Scottish Schools Adolescent Lifestyle and Substance Use Survey (SALSUS): alcohol report 2018
Findings on alcohol from the 2018 wave of the Scottish Schools Adolescent Lifestyle and Substance Use Survey (SALSUS).
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This report presents the alcohol findings from the 2018 wave of the Scottish Schools Adolescent Lifestyle and Substance Use Survey (SALSUS). The research was commissioned by the Scottish Government and carried out by Ipsos MORI Scotland.
Survey background and purpose
SALSUS is a continuation of a long established series of national surveys on smoking, drinking and drug use. These were carried out jointly in Scotland and England between 1982 and 2000, to provide a national picture of young peoples' smoking (from 1982), drinking (from 1990), and drug use (from 1998) behaviours within the context of other lifestyle, health and social factors. Since 2002, Scotland has developed its own, more tailored survey, known as SALSUS.
About the survey
SALSUS is a self-completion survey administered by teachers in a mixed ability class, under exam conditions. In 2018, schools were encouraged to administer the survey online (but could administer it on paper if that was more feasible). Fieldwork was undertaken between September 2018 and April 2019.
Figure 1 Numbers sampled and participated
The overall response rate was 52% based on class and pupil response rate.
For full details of the methodology please see the accompanying SALSUS 2018 Technical Report.
Prevalence and key trends
Just over a third of 13 year old pupils (36%) and 71% of 15 year olds have ever had an alcoholic drink.
Only a small proportion had drunk alcohol in the 7 days prior to completing the survey: 6% of 13 year olds and 20% of 15 year olds.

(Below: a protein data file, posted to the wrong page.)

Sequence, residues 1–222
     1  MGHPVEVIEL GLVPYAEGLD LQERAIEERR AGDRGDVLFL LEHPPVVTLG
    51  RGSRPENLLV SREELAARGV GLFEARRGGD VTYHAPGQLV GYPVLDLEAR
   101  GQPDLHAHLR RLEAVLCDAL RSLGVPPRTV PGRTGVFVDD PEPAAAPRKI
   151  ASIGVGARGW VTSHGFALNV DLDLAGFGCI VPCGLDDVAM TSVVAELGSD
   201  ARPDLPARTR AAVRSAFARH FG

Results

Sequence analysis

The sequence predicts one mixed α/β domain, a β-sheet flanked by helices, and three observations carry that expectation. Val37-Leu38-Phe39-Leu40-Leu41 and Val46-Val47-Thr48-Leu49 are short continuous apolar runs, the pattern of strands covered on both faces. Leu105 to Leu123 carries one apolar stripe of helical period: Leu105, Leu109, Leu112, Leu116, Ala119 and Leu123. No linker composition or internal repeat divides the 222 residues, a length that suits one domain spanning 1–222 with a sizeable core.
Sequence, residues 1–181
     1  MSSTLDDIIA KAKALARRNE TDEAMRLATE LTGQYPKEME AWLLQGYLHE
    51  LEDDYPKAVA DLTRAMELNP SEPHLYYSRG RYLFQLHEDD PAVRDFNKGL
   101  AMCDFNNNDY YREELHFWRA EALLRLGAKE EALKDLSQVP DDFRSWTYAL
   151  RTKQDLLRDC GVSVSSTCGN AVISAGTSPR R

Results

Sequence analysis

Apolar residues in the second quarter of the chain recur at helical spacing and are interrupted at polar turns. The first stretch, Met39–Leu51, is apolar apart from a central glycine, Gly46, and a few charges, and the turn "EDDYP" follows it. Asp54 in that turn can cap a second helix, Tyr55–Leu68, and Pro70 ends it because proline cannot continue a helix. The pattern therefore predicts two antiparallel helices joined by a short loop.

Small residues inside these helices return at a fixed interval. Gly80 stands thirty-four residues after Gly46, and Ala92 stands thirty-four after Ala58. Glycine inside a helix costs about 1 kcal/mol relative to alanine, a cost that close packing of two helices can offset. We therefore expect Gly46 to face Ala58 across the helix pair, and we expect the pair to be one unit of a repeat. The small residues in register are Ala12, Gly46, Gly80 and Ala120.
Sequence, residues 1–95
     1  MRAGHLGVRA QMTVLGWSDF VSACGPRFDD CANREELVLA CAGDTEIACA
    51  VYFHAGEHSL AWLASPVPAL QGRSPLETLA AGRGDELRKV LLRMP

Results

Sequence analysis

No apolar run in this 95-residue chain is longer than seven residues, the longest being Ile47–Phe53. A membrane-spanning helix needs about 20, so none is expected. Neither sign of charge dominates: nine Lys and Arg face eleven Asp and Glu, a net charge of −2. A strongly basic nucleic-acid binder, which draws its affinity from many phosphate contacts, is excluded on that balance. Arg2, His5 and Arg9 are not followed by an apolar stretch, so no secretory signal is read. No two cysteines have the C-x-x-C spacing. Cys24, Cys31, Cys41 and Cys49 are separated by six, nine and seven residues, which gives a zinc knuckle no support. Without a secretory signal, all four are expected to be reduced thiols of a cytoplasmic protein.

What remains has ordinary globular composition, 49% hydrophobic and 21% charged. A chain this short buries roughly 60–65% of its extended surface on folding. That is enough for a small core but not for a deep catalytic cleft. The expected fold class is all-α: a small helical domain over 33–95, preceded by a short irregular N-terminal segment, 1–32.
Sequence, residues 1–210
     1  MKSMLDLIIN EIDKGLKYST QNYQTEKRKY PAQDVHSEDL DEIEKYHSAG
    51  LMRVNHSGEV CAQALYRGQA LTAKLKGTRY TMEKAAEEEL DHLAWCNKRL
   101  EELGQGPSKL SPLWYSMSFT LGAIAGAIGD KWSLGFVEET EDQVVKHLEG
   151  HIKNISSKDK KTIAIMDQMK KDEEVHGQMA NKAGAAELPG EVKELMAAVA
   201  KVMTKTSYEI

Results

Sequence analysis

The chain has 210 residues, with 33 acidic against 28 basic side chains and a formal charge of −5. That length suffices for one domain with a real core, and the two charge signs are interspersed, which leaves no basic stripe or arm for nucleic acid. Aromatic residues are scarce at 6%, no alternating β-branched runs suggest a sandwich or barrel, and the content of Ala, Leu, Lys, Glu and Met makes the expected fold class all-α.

Between 2015 and 2018, there has been an increase in the proportion of boys who had drunk in the last week: from 4% to 7% among 13 year olds and from 16% to 20% among 15 year olds. There was also an increase among 13 year old girls, from 4% in 2015 to 6% in 2018. Among 15 year old girls there has been no statistically significant change.
Just over half of 13 year olds (53%) and around two-thirds of 15 year olds (70%) who had ever had alcohol, had been drunk at least once.
The mean age that 15 year olds first had a drink was 13.3 years.
The most common drinking location among both 13 and 15 year olds was at their own home.
Among 13 year olds, around half (52%) of those who had ever had a drink had experienced one (or more) negative effect as a result of drinking alcohol in the last year, compared with over half of 15 year olds (63%).
Among both age groups, the most common negative consequence was doing something they regretted or vomiting.
Source and availability
Among both age groups, pupils were most likely to get alcohol from their home, from a friend or from a relative. Direct purchase of alcohol from a business was rare.
The majority of pupils, who have ever had a drink, have never tried to purchase alcohol from either a 'shop, supermarket or off-licence', or a 'pub, bar or club'.
Just over a third of 13 year olds (33%) and just over half of 15 year olds (51%) who have ever had a drink, had asked someone else to buy them alcohol in the last 4 weeks.
Attitudes to alcohol use
Just over half of 13 year olds (51%) thought that it was 'ok' for someone their age to try drinking alcohol, while over three-quarters of 15 year olds (79%) thought it was 'ok'.
16% of 13 year olds and 49% of 15 year olds thought that it was 'ok' for someone their age to try getting drunk. This has increased among both age groups since 2015: 9% of 13 year olds thought it was 'ok' to try getting drunk in 2015, compared with 16% in 2018 and 38% of 15 year olds thought this in 2015, compared with 49% in 2018.
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